Referring next to FIG. 2 f, trench mask 46 is deposited over the top surface of nitride 36 and field oxide 44. Trench mask 46 includes openings 48 to identify the positions of trenches 14 (FIG. 1) that are to be formed in die 5. Next, trenches 14 are formed in the body of die 5 in the positions identified by openings 48 as shown in FIG. 2 g. Trenches 14 are formed by dry etching and extend from the top surface of die 5, through channel region 12 to a predetermined depth in drift region 4. It should be noted that it is also possible to extend trenches 14 below drift region 4. It should also be noted that the trenches 14 may be in the form of parallel stripes, hexagonal or some other form, although stripes are preferred in that stripes may further reduce gate charge.

After the formation of trenches 14, a layer of sacrificial oxide is grown on the sidewalls and bottom of trenches 14 and then etched. Thereafter, trench mask 46 is removed. Next, pad oxide 32 is formed into trenches 14 as shown in FIG. 2 h. Referring again to FIG. 2 h, nitride layer 36 is extended over pad oxide 32 inside trenches 14 by deposition of a nitride layer.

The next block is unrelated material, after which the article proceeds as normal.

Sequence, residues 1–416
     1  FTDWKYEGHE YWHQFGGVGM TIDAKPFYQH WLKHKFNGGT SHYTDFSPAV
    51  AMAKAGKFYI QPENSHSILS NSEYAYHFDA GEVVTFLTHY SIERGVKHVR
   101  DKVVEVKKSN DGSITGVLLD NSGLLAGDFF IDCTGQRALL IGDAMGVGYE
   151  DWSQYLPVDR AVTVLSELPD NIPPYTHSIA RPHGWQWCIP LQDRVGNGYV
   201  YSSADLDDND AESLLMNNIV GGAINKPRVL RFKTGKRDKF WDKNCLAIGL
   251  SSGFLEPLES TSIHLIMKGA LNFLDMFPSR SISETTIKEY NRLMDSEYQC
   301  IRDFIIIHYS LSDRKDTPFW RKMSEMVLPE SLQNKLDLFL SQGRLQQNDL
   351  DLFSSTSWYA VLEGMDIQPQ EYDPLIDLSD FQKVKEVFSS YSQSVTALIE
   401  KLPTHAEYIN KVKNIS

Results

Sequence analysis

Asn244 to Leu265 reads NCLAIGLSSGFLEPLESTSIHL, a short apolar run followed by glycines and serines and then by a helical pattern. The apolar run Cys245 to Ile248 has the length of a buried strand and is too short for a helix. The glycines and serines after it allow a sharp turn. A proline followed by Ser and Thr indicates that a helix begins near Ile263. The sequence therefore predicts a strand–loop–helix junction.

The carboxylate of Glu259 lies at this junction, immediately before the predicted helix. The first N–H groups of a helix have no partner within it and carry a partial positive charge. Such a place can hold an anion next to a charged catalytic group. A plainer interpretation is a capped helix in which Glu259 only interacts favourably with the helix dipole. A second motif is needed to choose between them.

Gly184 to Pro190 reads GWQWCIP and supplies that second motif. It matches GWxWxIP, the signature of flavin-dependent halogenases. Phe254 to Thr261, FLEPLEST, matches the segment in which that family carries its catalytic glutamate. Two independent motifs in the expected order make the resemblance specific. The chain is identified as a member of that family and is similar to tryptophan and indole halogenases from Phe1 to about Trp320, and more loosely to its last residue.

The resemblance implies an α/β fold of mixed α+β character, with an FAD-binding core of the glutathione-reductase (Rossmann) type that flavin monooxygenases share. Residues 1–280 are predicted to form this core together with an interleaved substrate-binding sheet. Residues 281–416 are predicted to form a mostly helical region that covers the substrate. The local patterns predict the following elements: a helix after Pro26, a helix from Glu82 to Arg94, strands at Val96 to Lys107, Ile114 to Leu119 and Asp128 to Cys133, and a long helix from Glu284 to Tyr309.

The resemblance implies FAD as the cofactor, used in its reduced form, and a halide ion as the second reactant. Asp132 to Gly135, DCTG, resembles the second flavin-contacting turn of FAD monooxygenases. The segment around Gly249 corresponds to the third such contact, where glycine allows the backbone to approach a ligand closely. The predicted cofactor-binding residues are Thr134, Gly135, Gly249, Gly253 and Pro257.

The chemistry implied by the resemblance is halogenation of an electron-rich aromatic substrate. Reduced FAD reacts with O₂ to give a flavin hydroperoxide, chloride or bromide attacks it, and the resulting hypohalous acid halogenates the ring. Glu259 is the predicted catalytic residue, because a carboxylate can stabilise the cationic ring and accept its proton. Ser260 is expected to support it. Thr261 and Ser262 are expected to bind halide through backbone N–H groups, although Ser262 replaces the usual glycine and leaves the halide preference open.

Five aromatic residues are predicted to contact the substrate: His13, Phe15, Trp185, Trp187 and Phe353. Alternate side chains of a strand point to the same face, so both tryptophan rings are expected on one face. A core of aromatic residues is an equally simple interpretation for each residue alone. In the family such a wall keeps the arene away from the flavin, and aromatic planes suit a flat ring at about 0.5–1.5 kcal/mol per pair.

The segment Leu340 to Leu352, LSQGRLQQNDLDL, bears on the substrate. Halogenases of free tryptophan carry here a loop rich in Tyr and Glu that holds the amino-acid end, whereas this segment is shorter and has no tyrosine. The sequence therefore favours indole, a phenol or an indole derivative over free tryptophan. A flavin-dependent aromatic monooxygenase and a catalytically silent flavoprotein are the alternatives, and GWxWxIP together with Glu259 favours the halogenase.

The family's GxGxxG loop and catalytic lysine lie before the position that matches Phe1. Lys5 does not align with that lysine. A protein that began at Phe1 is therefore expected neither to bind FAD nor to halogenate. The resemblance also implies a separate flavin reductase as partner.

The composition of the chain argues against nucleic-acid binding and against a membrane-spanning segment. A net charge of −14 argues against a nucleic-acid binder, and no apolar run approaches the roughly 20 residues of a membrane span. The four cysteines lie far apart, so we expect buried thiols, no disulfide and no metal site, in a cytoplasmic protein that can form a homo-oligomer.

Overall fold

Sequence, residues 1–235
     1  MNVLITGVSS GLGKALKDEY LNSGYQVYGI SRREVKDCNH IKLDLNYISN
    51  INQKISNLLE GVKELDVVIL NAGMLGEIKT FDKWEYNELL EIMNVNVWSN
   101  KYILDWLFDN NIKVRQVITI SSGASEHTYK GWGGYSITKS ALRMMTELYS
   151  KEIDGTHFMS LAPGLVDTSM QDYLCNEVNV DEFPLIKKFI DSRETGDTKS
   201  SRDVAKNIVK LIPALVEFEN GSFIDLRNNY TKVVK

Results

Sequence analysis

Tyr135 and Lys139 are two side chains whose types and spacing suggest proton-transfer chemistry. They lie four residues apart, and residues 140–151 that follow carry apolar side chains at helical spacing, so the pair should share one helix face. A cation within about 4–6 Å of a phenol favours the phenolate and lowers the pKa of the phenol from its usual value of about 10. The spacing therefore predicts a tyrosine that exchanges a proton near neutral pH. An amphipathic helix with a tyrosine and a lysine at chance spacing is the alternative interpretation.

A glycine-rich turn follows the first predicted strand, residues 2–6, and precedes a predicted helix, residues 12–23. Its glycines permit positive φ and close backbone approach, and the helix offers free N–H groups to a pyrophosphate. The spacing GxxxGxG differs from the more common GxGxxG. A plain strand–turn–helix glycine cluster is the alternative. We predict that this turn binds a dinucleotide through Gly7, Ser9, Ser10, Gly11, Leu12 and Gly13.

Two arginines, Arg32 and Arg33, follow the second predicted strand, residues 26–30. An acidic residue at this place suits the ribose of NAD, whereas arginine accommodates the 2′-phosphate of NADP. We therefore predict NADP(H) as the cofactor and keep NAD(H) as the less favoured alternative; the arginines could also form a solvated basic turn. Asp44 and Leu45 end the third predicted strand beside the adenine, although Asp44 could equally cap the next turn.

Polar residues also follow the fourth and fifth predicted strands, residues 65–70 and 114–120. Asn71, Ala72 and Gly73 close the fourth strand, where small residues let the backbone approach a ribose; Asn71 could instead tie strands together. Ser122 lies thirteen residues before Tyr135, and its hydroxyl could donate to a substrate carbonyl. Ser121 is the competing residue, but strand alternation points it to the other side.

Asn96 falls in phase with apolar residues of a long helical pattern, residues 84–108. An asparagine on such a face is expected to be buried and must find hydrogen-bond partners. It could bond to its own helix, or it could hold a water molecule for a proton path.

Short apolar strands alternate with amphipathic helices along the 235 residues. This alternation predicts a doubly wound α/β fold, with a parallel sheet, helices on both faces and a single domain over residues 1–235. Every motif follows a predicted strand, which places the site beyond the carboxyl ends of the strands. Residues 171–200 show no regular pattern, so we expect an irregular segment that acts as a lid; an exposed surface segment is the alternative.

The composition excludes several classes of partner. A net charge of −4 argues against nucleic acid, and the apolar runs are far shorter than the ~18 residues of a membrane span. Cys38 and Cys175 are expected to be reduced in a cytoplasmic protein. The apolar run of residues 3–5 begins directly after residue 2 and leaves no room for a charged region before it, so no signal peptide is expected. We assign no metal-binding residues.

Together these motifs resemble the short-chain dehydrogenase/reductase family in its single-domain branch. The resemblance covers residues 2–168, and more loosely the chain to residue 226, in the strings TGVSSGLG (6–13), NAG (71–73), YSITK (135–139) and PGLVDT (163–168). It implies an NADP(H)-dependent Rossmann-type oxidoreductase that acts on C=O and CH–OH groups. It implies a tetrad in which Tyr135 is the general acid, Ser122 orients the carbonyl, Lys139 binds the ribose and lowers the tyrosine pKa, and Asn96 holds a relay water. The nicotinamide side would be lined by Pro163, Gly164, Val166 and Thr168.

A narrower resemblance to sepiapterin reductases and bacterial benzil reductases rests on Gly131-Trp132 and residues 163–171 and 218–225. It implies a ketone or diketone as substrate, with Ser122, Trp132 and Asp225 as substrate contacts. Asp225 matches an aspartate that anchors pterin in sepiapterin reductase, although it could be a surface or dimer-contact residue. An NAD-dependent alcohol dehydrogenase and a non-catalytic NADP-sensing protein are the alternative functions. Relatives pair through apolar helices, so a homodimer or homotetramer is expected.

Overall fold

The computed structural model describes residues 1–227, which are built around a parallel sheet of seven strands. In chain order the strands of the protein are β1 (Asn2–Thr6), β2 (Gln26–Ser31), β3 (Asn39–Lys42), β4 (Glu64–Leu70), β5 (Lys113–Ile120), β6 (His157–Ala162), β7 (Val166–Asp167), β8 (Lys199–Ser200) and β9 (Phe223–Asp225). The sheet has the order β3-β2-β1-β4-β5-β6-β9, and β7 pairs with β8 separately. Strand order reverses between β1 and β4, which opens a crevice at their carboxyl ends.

Referring to FIG. 2 i, the portion of nitride 36 that is disposed at the bottom of each trench 14 is then removed by, for example, dry etching and thick oxide 15 is grown at the bottom of each trench 14. Nitride 36 disposed on the sidewalls of each trench 14 is an oxidation retardant which prevents the growth of oxide on the sidewalls of trenches 14 while allowing the growth of a thick oxide layer at the bottom of each trench. As a result, the sidewalls of each trench 14 may be covered with a very thin oxide layer, while its bottom will be fully insulated because of thick oxide 15.

Next, as shown in FIG. 2 j, portions of nitride 36 that cover sidewalls of trenches 14 are removed through, for example, wet etching and, gate oxide layer 18 is grown inside each trench 14. Then, a layer of polysilicon 50 is deposited such that trenches 14 are filled with polysilicon.